Wintemute et al
Wintemute et al (2010) presented an article critique on the ‘The Effect of Gun Shows on Gun-Related Deaths: Evidence from California and Texas’ by Duggan et. al (2005). In his article Wintemute has criticized the article written by Duggan, with justifications based on further research that exposes the weaknesses of Duggan’s claim that gun shows do not cause homicide. Through a logical analysis of the design, methodology, data and the conclusions of the research article, Wintemute was able to prove that the findings of the research article were invalid and not based on authentic and relevant data.
The purpose of this article critique is to analyse the criticisms presented by Wintemute on the research findings of Duggan et al and to discuss the strengths and weaknesses of his article and the validity of his research findings.
Review of Literature:
Relevant literature has been presented by Wintemute in order to in-validate the claim made by Duggan et al. Wintemute proved that Duggan’s claims that most of the gun homicide incidents took place within 25 miles of the vicinity and within the first few weeks of the gun purchase, was invalid and through the presentation of the relevant data proved that gun homicides took place, outside the state from where it was purchased and there was no validation that the gun was used only during the first few weeks of the purchase.
Wintemute was able to prove that the sample population selected on the basis of area code was not adequate and Duggan’s previous research based on census was more accurate, a sample 236 gun shows was not accurate and neither was the aspect that more retailers attended larger shows given due weight age by Duggan in his research. However, Wintemute could also have used more graphs and tabular charts to prove that the data was presented in a manner that made the findings of the research inadequate and biased.
Wintemute et al (2010) proved that that data analysis was done in such a manner that Duggan et al had only a 10 % chance of finding a plausible relationship between homicide and guns purchased at gun shows. Therefore the analysis was biased and the findings of the research invalid.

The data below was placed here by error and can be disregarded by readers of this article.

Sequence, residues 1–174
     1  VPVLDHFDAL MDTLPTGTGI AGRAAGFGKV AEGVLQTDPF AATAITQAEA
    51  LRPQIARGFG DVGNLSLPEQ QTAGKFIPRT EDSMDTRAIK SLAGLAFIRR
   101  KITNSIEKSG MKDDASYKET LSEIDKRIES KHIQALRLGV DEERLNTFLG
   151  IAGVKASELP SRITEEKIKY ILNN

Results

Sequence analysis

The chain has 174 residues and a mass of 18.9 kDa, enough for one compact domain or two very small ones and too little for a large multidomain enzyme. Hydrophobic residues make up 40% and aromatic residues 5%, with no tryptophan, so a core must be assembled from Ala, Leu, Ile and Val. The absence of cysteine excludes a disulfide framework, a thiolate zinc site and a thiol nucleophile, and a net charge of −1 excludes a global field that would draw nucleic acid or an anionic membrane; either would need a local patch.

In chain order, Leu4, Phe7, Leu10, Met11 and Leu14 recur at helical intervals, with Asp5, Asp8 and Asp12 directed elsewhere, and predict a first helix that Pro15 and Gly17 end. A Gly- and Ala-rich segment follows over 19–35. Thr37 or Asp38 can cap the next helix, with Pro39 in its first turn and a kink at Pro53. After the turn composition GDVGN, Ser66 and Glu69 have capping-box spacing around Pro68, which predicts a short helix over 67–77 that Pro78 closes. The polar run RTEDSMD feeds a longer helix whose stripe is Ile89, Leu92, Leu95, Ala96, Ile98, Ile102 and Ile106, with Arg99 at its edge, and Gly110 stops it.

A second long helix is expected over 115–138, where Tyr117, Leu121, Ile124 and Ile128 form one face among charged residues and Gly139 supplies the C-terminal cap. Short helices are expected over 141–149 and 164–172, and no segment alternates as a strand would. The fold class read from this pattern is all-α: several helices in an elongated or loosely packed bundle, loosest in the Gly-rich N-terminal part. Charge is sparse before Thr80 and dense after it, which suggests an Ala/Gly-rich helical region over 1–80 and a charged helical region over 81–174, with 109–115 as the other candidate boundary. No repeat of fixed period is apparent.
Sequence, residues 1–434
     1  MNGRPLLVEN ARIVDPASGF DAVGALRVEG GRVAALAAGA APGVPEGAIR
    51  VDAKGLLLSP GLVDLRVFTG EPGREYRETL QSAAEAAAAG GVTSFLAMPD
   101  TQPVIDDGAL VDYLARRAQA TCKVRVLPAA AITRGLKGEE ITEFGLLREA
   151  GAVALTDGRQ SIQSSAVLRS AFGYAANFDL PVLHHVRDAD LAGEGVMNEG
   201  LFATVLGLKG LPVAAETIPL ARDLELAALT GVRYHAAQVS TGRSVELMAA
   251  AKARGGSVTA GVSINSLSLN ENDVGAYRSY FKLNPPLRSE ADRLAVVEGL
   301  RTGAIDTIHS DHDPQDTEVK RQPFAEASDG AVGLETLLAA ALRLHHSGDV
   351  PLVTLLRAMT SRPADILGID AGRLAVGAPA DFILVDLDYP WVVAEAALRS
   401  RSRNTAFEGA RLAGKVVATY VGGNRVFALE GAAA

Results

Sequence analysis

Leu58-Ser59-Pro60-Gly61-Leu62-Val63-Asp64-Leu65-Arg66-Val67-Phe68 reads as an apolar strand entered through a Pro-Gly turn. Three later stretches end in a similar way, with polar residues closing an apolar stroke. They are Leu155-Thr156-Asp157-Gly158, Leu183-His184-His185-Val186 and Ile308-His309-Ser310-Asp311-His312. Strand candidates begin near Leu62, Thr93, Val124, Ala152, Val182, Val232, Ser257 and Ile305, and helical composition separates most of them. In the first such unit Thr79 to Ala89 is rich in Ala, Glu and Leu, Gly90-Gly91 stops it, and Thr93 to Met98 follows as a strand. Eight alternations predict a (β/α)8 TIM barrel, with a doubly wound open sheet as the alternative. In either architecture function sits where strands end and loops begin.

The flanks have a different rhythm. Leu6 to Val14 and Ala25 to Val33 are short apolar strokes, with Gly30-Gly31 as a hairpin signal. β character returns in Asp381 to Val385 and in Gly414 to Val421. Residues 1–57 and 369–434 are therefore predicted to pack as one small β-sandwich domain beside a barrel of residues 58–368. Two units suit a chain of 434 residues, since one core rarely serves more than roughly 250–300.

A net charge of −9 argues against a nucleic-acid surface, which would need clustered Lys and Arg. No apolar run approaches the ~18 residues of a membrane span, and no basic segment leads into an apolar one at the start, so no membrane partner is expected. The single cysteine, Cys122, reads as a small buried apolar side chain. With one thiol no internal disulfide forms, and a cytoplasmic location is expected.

Wintemute could have used the conclusion to validate the main points of his research findings in the article. However, the article was biased towards merely proving Duggan’s research as invalid. Further research data and analysis could have given the reader information, as to the singular points of purchase of guns and how they can be made more inaccessible to the public, which would resulted in lesser gun homicides in the United States.
List of References:
The references have been properly presented in the APA format. Data and literature from the year 2004- 2009 was analysed, which further strengthen the Wintemute’s claims as to the research findings.
Wintemute et al could have carried out a further analysis of the data provided in other sources to prove that most of the guns bought at private exhibitions and through illegal means were first presented at game shows, this aspect could have been analysed further. Wintemute also claimed that most of the gun homicides took place at locations beyond 25 miles as presented by Duggan et al but no data was further analysed to validate this claim.
Duggan M., & Jacob, B. A. (2005). The Effect of gun shows on gun suicides, accidental gun deaths and gun violence. College Park, MD: University of Maryland.Available at: http://econ-server.umd.
Wintemute, D., Hemenway, D., Webster, D., Pierce, G., & Braga, (2010). A gun shows and gun violence: Fatally flawed study yields misleading results. American Journal of Public Health, 100(10), 1856-1860. doi: 10.2105/AJPH.2010.191916 .